THERE is no doubt that I was wearing my checked, wool-mix hat when I closed our front door, shuddering its genteel topping of stained glass flowers – before ambling into a flurry of curled leaves on the road, where my shoulder was brushed by a middle-aged lady in stout shoes, who had a portable phone clamped to a generously sculpted ear, into the depths of which many spicy secrets had slipped down the years.
“Well, to cut a long story short,” her mouth said to the ear that was receiving her thoughts on this occasion. Then she gasped with excitement, as her pace quickened. I pulled down the trusty hat, then perched on the naked uplands of my head and continued to walk to the railway station.
Now, many utterances are so familiar that they can chill the soul all through life, from our introductory yelp in the dazzle of the delivery room to the first drip of the embalmer’s fluid.
Among them is, “Hold on a mo’, I’ll just see if we have some in the back”. These are the words of the traditional shopkeeper, who believes that anything you want not displayed on his shelves will be stored “in the back”.
He then vanishes into the labyrinthine cavern behind him, as your watch suffers a seizure. Time and time again the bell over the door rings. Customers pile in, but he does not reappear, though bangs, crashes and curses can be heard from the mysterious gloom of the “back”. God was faster sculpting Mount Everest, fuelling Vesuvius and manicuring the bowling greens of Birkenhead. Finally, our man in the fawn tunic steps into the light, wheezing and wiping his brow. “Sorry,” he says. “I thought we had some, but there’s not a sardine to be had.”
Hairy legged walkers in anoraks, who are starting to lose their way on an expedition to the wide open spaces, will recall the dread that gripped them when a ruddy companion consulted his map, and then proclaimed, “I know a short-cut”. All short cuts in the country lead through malarial swamps, Natterjack toad reserves, bacterial research stations, bramble thickets, trial sites for chemical weapons and sinking sands.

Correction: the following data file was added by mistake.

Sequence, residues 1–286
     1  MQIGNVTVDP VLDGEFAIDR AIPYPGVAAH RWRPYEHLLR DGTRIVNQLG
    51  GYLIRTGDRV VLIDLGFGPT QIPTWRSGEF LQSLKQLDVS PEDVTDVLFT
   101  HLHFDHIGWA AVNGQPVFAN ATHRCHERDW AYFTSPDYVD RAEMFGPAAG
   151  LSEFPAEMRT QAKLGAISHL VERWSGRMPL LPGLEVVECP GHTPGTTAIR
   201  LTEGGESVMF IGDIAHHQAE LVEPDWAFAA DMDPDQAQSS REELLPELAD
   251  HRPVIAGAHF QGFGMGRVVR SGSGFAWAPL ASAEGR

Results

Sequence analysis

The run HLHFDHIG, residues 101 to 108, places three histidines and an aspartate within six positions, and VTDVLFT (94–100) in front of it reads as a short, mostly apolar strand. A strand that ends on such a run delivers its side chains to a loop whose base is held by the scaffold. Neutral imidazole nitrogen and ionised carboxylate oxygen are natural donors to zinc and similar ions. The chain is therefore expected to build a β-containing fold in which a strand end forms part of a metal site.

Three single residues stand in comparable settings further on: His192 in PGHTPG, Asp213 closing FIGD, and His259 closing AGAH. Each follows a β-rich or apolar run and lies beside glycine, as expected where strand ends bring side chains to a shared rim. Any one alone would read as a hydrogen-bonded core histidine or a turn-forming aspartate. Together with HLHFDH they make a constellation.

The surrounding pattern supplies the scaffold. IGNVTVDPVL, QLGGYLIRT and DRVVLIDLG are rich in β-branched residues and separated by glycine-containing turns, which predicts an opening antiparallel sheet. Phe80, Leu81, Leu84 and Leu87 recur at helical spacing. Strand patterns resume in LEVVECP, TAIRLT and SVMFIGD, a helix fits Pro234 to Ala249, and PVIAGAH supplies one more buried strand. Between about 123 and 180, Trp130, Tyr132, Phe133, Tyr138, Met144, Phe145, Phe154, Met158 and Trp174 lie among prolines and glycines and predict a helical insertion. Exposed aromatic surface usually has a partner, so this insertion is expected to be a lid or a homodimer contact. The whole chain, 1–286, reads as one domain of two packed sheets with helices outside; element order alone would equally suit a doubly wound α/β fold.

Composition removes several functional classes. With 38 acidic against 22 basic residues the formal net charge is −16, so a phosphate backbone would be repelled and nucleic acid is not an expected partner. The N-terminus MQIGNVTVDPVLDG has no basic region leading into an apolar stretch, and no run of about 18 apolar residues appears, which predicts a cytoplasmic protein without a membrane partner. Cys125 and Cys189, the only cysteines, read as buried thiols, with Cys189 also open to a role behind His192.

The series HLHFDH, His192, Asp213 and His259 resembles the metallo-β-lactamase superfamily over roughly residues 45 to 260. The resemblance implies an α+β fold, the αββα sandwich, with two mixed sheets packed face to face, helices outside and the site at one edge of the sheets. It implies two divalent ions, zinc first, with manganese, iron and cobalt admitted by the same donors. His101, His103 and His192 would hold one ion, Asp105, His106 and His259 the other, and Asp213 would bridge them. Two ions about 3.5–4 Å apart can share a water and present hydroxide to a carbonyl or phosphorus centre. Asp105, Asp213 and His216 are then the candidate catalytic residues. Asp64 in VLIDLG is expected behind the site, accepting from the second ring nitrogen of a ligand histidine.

But these are mere trifles compared to the miseries that can be inflicted on us by that volley of words, “To cut a long story short”. Those, who find the expression, effortlessly springing from their tongues, regard as puny the efforts of that amateur Tolstoy with his War and Peace. They could have spoken longer about a neighbour’s washing line or the skinning of a carrot.
I have never owned a portable phone. There are two reasons for this, both true. The first is that I am mechanically inept and fear that I would be unable to work the damned contraption. The second is that they are symbols of our subservience to others, allowing people, particularly those in authority, to contact us at any time – on the loo, in the bath, or in the midst or a daydream. But I have noticed that the thrilling young ’uns never stop gabbing on them. When these phones were first unleashed, I thought that their use would be confined to brief messages of the utmost importance. Now I know that their main purpose is to spread gossip, hence the lady on the road.
I was reminded of my late mother sitting in the café, where she would draw friends around her, before sucking on a filter-tipped Nelson cigarette to begin. Her talk sizzled with gossip and often contained the words, “To cut a long story short, my dears”, warning me that I would be there for an eternity.
On returning home that night, I found the old hat was not on my head. “Where is it?” my wife asked. I told her I had been thinking so much about this story that I must have left it on the train. Instantly, the lovely turquoise shone in her eyes – and she reached for her phone. “He’s lost that dreadful hat,” she said to her friend, gleefully. Many more words followed. Among them were, “To cut a long story short”.
LISTEN to David Charters on his picture podcasts at www.liverpooldailypost.co.uk